BOOK REVIEW: Modern Buddhism: Vol. 1 (Sutra) by Geshe Kelsang Gyatso

Modern Buddhism: The Path of Compassion and Wisdom - Volume 1 SutraModern Buddhism: The Path of Compassion and Wisdom – Volume 1 Sutra by Geshe Kelsang Gyatso
My rating: 4 of 5 stars

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This is the first book in a three-volume overview of Buddhism that is available for free (or for the minimum Kindle book price on Amazon.) The book is written by a Tibetan Buddhist scholar-monk, and, therefore, emphasizes the Mahayana approach and specifically that of the Gelug school. (I’m a neophyte, but I don’t think this book goes into so much detail as to be controversial among Tibetan Mahayana Buddhists, but if you are thinking you’ll learn about, say, Zen or Theravadan Vipassana, not so much.) The theme of this volume is an overview of the Limram, which is a sutra describing the path to enlightenment.

The book is divided into four sections. The first offers a broad overview of Buddhism with particular discussion of the Kadam Lamrim (the specific sutra discussed) and Kadampas (which is the name for an individual who pursues practice of the Kadam Lamrim.) The other three sections describe the information needed by an initiate, middling practitioners, and advanced practitioners, respectively.

The section on persons of initial scope (i.e. initiates) emphasizes the need to recognize the limited scope of a human life, to reflect upon one’s imminent death, and to consider the importance of avoiding lower rebirth.

The section on persons of middling scope echoes the four noble truths. They are discussed by way of the four questions: 1.) What one should know? 2.) What one should abandon? 3.) What one should practice? And 4.) What one should attain? In essence, it suggests one understand suffering, the path to is cessation, and that one follow that path.

The largest section, by far, is the portion on individuals of great scope. It is divided into four parts. The first part describes the need to revise one’s approach to love by taking oneself out of the center and practicing loving-compassion for those that one doesn’t know. The second subsection outlines the six perfections (giving, moral discipline, patience, effort, concentration, and wisdom) and the importance of each. The third section is about emptiness and truth. The final section is a brief description of the Lamrim practice.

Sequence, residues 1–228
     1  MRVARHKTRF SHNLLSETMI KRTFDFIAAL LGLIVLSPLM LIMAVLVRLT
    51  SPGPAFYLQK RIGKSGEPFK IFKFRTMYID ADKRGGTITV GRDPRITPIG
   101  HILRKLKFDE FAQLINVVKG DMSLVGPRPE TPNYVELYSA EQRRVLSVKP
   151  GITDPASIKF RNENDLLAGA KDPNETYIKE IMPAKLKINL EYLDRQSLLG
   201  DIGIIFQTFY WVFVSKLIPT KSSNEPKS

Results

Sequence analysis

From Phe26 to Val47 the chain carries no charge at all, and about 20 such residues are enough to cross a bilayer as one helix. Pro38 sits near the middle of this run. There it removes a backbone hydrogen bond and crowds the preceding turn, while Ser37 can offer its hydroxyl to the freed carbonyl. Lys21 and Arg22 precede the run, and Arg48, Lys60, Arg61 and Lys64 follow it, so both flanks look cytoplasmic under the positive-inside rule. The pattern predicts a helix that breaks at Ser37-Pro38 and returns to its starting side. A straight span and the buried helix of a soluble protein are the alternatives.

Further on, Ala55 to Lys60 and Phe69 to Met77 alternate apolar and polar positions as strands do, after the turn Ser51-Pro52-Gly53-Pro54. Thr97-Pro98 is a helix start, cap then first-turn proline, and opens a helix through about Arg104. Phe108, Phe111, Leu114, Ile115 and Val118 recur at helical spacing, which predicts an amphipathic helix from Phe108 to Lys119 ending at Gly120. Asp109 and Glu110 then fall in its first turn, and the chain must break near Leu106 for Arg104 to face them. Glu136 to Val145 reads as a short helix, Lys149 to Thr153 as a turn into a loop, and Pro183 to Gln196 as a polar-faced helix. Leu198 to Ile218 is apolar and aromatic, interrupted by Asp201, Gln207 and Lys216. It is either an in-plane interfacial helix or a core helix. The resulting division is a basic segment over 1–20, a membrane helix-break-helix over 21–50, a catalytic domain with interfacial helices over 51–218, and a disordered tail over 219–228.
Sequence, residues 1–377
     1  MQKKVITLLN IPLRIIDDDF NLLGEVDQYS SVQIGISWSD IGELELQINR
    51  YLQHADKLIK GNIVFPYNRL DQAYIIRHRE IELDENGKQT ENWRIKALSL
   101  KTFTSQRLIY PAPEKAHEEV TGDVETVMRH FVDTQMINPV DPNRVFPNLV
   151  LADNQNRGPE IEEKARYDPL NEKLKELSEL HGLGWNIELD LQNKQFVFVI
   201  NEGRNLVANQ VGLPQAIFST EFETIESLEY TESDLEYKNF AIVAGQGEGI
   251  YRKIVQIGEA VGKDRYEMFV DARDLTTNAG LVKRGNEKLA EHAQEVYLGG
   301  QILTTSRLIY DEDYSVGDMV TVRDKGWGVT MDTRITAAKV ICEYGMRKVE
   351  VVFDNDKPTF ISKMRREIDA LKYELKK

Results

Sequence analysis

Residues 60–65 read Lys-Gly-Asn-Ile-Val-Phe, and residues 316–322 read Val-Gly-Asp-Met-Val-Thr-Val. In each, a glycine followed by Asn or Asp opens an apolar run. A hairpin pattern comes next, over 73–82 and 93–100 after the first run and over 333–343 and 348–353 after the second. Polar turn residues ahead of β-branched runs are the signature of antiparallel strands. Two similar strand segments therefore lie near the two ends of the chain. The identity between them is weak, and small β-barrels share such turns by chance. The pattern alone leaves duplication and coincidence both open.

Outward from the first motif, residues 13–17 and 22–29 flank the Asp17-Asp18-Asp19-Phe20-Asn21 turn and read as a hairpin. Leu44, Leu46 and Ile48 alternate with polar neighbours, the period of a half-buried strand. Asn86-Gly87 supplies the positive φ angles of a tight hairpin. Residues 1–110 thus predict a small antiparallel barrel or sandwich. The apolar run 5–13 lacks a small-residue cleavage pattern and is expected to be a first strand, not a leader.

There are a small number of line drawn illustrations of important figures in the tradition. There are no notations, citations, or ancillary material.

I found this book to offer a concise overview of the subject of Buddhism—specifically from the perspective of the Gelug tradition of Tibetan Buddhism. While there are some historical stories, such as those drawn from the life of Milarepa, the book is not designed to be entertaining reading. It’s a straightforward transmission of knowledge. In that regard it does a fine job, it’s clear and concise.

I’d recommend this book for one who’s interested Tibetan Buddhism, but one should be aware that it’s not a nonsectarian overview of Buddhism as the title might suggest to a reader.

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BOOK REVIEW: The Life of Milarepa ed. by Lobzang Jivaka

The Life of Milarepa: A New Translation from the TibetanThe Life of Milarepa: A New Translation from the Tibetan by Lobsang P. Lhalungpa
My rating: 5 of 5 stars

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Superhero stories can be surprisingly hard to make interesting. The hero’s vast powers make it hard to build obstacles that seriously challenge him. Make no mistake; while this book may be the biography of a Tibetan Buddhist yogi who was born in the eleventh century, it’s a superhero story as well. At various points, the titular character can control the weather, fly, read minds, predict the future, and cover a distance that would take a mere mortal months in just days. Milarepa is basically the entire cast of the X-Men rolled into one monk. [Note: the introduction of 1962 Lobzang Jivaka edition features a series of rants against Westerners that put a bad taste in my mouth early in the reading–basically suggesting the reality of these magic powers should be taken as a given even though the deficient Western mind has trouble wrapping its head around difficult concepts. It made me think I’d probably not like the book, but I’d forgotten it by the time I got around to the end of the book.]

“The Life of Milarepa” is essentially a hero’s journey, which begins with his widowed mother, his sister, and he being taken advantage of by a mean Uncle and Aunt. Milarepa takes up Black Magic to influence the weather so that he can exact revenge. Doing so makes him feel great shame, and puts him on the path of a religious ascetic. After his initial training, he is put through a great series of trials by Marpa, the man who will eventually his guru. Were it not for the encouragement and support from Marpa’s wife, Milarepa would never have made it through the training, and at one point—in fact—he goes away to learn from one of Marpa’s most advanced students because it seems Marpa unwilling to teach him.